Can construction find its purpose?
In just twelve months I’ve seen UK contractors changing their operations at a scale and pace I never expected. When the Farmer review in 2016 was calling for rapid construction modernisation or risk facing extinction, this is what it meant.
But we have such an exciting opportunity as an industry to go beyond just adapting, to transforming the way we shape cities and skylines around the world and creating a new purpose for ourselves.
We’ve been facing the great challenge of our generation, climate change, and we’re trying to create a more diverse global society. Meanwhile, governments around the world have placed infrastructure delivery at the heart of recovery from the coronavirus pandemic. It’s no wonder construction has been trying to adapt to these different pressures.
And is this enough? I firmly believe we can fundamentally transform to make a positive difference on how we deliver the built environment. Contractors and our partners can work collaboratively to achieve this.
The recent Construction Playbook, with Government guidance on contracting public works projects, sets out a vision for building safely, faster and greener.
What that means in practice is that construction needs to tackle its efficiency challenge: building faster and aiming for net zero carbon emissions, and its quality challenge: delivering high quality buildings and infrastructure that are compliant first time – all while keeping costs in check. And it also needs to create a diverse workforce to reflect the communities we build in.
First, we have to emerge from the post-pandemic economic crisis. But to go back to the same levels of pre-pandemic economic growth we have to do so sustainably, cutting down the carbon intensity of the way we build.
I see no other way than much more rapidly adopting true ‘construction-to-production’ approaches to delivering buildings and infrastructure. Manufacturing components in factories and transporting them on sites can radically reduce emissions while driving up productivity. There is no reason anymore to continue with the same traditional way of construction and clients have to keep an open mind and an eye on the bigger goal, which is tackling climate change.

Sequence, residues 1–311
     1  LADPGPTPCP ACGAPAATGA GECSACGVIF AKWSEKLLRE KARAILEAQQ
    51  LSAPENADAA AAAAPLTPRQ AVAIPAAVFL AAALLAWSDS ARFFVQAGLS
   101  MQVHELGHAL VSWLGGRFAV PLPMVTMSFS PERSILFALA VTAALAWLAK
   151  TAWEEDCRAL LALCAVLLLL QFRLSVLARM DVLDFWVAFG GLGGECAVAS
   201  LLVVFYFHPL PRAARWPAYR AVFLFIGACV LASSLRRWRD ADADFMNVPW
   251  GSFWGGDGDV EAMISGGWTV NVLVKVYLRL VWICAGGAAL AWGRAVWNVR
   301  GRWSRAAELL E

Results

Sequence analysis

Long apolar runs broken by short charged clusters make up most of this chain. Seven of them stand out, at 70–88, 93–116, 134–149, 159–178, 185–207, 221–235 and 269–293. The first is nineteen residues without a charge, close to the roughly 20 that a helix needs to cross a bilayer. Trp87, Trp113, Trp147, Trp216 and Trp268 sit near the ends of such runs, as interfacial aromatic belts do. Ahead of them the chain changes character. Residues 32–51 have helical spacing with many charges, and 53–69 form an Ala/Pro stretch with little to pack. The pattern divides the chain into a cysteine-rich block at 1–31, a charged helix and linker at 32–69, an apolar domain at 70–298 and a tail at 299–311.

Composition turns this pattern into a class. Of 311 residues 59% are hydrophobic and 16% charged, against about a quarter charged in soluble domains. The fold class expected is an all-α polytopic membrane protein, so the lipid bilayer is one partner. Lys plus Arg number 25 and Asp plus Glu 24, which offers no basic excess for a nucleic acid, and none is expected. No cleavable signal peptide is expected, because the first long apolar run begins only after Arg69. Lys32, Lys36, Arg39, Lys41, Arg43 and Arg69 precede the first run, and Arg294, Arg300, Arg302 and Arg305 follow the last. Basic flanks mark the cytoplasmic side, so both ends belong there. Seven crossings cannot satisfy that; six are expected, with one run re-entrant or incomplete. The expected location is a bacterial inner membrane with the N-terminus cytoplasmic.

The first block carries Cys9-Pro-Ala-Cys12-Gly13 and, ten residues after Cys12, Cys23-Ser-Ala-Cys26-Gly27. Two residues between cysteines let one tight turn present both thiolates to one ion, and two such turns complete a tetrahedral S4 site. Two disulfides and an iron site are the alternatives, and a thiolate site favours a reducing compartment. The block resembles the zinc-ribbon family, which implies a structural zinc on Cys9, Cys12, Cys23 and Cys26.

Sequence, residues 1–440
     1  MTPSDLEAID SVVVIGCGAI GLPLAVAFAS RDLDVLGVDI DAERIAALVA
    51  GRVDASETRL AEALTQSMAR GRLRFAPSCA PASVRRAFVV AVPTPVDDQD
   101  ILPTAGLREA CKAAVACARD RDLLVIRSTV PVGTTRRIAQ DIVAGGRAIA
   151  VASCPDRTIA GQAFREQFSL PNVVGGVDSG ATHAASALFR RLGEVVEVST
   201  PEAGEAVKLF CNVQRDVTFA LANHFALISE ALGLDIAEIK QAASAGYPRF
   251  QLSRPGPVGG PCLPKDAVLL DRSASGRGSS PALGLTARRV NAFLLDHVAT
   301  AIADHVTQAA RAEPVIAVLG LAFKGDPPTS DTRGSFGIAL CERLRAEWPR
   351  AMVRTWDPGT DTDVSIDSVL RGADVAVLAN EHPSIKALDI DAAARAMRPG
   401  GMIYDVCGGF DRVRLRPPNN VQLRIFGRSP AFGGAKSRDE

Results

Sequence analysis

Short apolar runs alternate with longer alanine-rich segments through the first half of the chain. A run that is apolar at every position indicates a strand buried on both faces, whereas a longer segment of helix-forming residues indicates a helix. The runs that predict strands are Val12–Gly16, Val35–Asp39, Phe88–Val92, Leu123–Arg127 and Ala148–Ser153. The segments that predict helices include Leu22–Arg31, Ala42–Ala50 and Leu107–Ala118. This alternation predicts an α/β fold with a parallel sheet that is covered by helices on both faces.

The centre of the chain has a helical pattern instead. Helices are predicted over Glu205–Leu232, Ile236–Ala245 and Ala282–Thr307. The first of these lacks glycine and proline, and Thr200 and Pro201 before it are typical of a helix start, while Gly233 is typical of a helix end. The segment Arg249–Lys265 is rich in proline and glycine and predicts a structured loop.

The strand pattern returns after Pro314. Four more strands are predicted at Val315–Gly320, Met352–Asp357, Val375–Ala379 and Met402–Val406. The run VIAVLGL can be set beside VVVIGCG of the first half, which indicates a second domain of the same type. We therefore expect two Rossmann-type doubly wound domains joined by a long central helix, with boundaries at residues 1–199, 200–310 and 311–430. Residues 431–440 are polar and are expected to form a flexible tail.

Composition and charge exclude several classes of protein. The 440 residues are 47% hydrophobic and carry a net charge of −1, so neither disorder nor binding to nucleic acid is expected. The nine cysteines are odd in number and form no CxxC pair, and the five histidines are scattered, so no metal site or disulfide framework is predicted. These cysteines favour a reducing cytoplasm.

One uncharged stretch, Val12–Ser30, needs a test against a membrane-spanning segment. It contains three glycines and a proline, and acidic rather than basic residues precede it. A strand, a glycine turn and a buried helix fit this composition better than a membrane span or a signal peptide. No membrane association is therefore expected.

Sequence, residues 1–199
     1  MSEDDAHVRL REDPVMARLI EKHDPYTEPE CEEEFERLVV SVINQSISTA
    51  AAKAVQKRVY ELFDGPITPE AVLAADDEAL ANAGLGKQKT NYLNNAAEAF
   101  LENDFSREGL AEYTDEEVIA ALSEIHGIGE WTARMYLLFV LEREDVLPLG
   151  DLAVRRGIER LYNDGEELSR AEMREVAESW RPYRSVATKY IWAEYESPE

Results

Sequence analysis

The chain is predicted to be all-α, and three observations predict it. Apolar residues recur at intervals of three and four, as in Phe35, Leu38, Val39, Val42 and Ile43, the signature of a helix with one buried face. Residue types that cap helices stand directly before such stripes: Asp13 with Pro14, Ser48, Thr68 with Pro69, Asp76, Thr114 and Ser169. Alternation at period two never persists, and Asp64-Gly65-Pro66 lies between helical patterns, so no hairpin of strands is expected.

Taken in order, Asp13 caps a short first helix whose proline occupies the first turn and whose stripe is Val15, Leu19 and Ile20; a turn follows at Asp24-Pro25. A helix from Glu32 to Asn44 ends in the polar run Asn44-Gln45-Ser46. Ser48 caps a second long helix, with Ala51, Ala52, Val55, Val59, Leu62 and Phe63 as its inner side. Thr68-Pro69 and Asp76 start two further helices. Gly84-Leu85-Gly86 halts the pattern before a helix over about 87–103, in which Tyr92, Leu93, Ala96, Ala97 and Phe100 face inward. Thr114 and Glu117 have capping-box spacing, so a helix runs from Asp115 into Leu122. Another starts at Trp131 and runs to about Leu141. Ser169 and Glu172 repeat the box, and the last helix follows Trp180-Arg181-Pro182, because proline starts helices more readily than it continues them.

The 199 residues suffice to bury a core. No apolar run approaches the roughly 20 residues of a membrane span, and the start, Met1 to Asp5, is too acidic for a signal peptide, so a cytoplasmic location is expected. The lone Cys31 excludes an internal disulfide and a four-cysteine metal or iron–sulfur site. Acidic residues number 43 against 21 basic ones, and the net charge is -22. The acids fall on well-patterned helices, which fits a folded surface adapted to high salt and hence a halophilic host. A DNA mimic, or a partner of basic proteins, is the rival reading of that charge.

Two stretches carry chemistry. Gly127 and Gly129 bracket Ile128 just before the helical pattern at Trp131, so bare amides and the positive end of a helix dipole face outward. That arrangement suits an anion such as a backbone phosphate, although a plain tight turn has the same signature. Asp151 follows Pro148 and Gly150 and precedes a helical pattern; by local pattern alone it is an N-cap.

If manufacturing buildings can maintain the same quality standards while lowering carbon emissions, I believe we have a responsibility as an industry to change how we operate as fast as possible.
With up to £37bn of public infrastructure project coming to market this year, it’s important we deliver it sustainably. Working with clients and supply chains, we can develop the best modern methods of construction solutions and take a Design for Manufacture and Assembly (DfMA) approach to delivery.
Second, we have to tackle to quality challenge. Recent issues around building safety have thrown into sharp relief the importance of being able to consistently demonstrate quality and compliance on every project. To address the recommendations in the 2017 Hackitt review, contractors and their supply chains can work collaboratively to hold themselves to high safety standards, keeping our employees and communities we build for, safe.
The way I see it, we have such a great opportunity to act. We can create places and infrastructure that’s high quality and safe – for the people we build and for the people that work on our projects.
So, in response to these great challenges our generation needs to tackle – climate change, recovery from a global pandemic and building an inclusive society – Mace set out a new 2026 Business Strategy.
We’re going to work with clients to help them reduce carbon emissions by more than one million tonnes. We’re moving from construction to production in the way we deliver projects, and we are setting a safety example for the whole industry to follow. We want to become a leading global contributor to reducing carbon in the built environment, invest in digital, new technologies and the skills we need to transform how we build and operate on behalf of our clients.
I’ll go as far as to say that 90% of our projects will be delivered with modern methods of construction by 2026.
But we’re not stopping here. We’ve set bold targets for ethnic and gender diversity at all levels in our company to transform the built environment with a wealth of backgrounds and perspectives.
In our industry, it’s important to lead but lead with a purpose. Our purpose is to redefine the boundaries of ambition.
A version of this article was originally shared by Construction News.